As a line, Wallmark said the trio provides the Panthers with a lot of different looks on the ice.

"I think we can bring good defense and we can be able to score, too," said Wallmark, who set a new career-high with 11 goals this season. "I feel we've had good chemistry the last couple of days. I feel like we're going in the right direction. Hopefully we can keep going here."

Despite being by the youngest among his linemates, Wallmark does share in their experience in the playoffs. Last season, he suited up in 15 games as a rookie with the Hurricanes on their run to the Eastern Conference Final. Along the way, he recorded five points (one goal, four assists).

"It's so much fun [in those] games," Wallmark said. "It's those games you want to play -- win the series and keep moving forward. It's a lot of fun and you get really closer with each other in the group. That feeling is really good. I think we have a good team to have a great chance to do something good. I'm really excited. Hopefully I can bring some playoff experience."

When asked about Wallmark, Quenneville said he "likes what he brings" to the team.

"He's got some balance to his game," Quenneville said. "He gives us some intelligence. He can kill penalties, win faceoffs… He's acquiring that taste of where to go a little bit more. Each and every day, that progress is starting to give him some more comfort… He's one guy that adds a little more reliability to our team game."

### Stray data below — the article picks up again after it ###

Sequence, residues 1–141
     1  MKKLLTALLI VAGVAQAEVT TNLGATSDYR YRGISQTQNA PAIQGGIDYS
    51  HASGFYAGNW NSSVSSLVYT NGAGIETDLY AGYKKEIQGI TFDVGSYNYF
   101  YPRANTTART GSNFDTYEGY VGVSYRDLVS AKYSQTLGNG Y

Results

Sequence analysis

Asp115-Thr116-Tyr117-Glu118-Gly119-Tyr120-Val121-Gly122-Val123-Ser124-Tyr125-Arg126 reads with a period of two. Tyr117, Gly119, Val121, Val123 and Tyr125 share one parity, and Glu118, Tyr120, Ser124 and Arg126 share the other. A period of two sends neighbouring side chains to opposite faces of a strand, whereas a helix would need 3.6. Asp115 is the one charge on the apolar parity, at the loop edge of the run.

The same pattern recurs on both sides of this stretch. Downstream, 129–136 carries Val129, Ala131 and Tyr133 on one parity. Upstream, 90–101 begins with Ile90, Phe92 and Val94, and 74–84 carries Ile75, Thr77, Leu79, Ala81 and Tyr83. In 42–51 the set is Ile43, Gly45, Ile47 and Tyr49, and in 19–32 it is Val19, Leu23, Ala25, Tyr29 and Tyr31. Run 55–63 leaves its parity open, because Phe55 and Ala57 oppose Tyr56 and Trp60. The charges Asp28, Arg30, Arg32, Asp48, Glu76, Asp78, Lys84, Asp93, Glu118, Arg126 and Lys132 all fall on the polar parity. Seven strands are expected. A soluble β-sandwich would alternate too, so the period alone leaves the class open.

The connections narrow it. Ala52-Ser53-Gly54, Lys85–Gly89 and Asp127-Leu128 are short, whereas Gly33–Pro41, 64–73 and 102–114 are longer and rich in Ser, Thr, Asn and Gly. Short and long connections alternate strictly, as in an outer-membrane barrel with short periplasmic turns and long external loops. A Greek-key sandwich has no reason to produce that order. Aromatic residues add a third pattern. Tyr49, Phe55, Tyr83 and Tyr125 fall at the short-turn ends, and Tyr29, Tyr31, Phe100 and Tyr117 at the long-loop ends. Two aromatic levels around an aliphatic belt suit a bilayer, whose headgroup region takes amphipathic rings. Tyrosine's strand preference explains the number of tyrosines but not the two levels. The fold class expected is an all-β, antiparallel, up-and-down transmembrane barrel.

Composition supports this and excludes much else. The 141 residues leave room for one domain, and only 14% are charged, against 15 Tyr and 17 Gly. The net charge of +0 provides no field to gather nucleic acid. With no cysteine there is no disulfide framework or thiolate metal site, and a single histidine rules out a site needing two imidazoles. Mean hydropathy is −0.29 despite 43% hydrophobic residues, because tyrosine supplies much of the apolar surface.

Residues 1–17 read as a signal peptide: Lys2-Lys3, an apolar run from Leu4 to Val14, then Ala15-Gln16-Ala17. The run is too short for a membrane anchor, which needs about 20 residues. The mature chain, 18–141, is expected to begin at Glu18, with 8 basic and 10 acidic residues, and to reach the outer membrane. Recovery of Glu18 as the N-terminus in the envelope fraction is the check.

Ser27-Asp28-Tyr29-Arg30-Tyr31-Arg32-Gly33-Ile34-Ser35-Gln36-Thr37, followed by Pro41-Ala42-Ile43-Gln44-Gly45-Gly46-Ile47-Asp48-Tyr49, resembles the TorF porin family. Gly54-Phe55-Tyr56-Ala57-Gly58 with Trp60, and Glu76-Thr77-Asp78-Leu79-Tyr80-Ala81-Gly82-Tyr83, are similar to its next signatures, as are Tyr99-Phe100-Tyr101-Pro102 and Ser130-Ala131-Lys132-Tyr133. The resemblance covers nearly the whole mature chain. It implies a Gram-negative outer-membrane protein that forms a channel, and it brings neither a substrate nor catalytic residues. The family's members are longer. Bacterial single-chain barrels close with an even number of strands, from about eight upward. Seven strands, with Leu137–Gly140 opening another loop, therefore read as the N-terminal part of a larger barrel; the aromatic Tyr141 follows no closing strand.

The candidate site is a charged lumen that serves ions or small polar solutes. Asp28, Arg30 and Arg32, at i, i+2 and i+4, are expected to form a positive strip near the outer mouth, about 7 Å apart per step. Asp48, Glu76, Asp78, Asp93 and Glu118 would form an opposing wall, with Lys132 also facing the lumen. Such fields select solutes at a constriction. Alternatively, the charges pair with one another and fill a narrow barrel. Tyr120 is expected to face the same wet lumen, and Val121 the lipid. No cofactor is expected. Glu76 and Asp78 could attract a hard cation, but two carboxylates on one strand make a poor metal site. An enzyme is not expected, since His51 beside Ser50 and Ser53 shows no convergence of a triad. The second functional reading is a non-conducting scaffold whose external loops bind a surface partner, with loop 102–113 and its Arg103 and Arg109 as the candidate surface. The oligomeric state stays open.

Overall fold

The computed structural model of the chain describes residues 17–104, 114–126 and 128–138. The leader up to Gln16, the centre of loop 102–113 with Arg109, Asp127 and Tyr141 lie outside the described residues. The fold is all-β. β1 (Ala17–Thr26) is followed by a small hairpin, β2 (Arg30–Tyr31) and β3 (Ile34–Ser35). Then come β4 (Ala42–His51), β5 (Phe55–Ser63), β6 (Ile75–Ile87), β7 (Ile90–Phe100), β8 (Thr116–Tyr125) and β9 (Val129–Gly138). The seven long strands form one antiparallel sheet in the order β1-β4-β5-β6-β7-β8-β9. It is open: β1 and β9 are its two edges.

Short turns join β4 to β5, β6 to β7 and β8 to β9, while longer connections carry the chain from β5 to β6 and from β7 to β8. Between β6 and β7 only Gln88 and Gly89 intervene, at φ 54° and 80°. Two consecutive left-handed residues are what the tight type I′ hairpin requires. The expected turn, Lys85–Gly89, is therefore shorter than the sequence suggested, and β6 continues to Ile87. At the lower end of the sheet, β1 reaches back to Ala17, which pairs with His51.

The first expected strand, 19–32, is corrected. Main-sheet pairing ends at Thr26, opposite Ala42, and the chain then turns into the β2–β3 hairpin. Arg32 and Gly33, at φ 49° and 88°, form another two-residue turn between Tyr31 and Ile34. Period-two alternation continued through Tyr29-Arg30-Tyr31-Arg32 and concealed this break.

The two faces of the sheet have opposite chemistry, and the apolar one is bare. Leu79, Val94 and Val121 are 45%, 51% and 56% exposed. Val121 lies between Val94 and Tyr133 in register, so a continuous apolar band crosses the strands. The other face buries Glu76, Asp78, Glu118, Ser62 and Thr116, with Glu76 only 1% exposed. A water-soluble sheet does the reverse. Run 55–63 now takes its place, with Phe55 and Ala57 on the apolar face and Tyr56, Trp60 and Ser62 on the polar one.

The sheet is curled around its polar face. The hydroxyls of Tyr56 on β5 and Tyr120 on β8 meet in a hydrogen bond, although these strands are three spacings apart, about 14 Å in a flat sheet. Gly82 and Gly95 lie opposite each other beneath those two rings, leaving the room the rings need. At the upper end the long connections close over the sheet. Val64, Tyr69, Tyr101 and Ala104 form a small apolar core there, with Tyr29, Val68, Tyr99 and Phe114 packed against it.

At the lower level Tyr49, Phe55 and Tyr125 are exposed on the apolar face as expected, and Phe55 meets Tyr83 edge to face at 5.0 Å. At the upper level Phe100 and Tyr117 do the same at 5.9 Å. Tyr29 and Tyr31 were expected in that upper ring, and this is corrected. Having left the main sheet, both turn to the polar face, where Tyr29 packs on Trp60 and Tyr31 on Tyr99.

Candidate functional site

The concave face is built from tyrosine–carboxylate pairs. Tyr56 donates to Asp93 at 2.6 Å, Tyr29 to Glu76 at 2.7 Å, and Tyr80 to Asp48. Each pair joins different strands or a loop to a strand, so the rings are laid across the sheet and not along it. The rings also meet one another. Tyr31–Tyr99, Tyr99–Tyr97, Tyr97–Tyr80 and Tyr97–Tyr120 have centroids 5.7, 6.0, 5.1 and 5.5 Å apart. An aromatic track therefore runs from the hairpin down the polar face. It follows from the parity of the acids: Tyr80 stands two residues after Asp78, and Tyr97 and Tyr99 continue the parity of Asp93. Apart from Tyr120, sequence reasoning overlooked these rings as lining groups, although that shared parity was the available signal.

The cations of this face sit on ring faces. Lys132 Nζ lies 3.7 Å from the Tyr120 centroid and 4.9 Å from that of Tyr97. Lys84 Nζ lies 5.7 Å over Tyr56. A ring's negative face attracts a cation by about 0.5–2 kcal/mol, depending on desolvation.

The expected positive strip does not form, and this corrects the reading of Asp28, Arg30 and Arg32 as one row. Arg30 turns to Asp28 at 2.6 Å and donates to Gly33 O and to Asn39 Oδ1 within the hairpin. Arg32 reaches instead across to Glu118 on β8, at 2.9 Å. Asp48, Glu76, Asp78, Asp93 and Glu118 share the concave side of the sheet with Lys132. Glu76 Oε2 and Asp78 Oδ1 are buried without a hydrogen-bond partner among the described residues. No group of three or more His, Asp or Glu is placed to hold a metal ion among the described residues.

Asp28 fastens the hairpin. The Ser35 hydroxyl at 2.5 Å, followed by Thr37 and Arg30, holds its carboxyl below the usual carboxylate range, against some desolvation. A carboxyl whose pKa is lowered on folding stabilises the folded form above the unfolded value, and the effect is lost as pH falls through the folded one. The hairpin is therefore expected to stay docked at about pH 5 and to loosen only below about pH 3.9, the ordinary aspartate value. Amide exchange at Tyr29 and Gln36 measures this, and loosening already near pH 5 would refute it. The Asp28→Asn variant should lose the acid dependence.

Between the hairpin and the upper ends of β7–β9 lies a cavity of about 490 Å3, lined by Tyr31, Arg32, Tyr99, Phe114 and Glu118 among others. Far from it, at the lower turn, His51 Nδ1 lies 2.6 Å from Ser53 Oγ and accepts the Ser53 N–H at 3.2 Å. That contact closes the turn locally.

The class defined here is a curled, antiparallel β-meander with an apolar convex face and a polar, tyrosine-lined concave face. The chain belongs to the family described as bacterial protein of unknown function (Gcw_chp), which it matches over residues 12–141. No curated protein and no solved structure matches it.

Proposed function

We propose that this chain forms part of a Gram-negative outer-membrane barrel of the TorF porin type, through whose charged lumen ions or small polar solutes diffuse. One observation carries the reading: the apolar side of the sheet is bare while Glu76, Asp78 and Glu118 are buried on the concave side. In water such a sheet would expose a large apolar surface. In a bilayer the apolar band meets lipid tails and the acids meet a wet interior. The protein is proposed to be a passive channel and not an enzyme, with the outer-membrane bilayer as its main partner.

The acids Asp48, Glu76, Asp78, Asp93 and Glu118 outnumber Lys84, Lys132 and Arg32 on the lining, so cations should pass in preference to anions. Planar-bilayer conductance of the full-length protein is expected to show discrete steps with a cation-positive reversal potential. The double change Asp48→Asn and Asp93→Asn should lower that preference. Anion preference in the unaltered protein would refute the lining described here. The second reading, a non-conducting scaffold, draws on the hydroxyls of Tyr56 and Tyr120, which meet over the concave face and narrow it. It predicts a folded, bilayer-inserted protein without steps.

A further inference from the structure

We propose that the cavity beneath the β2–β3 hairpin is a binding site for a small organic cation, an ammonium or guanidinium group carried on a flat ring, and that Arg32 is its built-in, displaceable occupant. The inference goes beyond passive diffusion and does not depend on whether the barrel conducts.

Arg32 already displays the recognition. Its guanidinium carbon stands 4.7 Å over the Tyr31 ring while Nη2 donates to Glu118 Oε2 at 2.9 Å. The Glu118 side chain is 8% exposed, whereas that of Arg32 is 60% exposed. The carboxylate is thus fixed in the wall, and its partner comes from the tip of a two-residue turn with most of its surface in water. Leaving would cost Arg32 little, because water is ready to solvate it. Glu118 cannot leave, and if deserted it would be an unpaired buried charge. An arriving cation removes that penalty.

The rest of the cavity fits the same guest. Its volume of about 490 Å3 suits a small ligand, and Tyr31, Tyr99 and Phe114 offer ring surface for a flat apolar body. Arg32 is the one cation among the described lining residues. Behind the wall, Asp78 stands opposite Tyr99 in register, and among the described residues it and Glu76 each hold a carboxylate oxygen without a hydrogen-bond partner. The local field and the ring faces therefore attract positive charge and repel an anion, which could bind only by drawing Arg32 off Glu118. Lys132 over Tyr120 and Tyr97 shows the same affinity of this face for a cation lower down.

HELP ON THE BLUE LINE

The Panthers received some good news in the injury department.

Quenneville said that both Chase Priskie and Aaron Ekblad, two defenseman that have both missed multiple days of training camp for undisclosed reasons, skated prior to today's practice.

"They're progressing," Quenneville said.

This season, Priskie, who also came over from Carolina with Wallmark at the trade deadline, notched 35 points (eight goals, 27 assists) in 57 games during his first tour of the AHL, while Ekblad set career-highs in points (41) and assists (36) in 67 games as Florida's No. 1 defender.

"We'll see what Monday's plan is with them when we get on the ice in Toronto," Quenneville said.

-- Attention: Due to COVID-19, convalescent plasma donations are needed urgently in South Florida.

At Baptist Health, convalescent plasma (plasma collected from people who have recovered from coronavirus) is being used to treat critically ill COVID-19 patients not responding to other therapies.

To schedule a donation time or to learn more, click HERE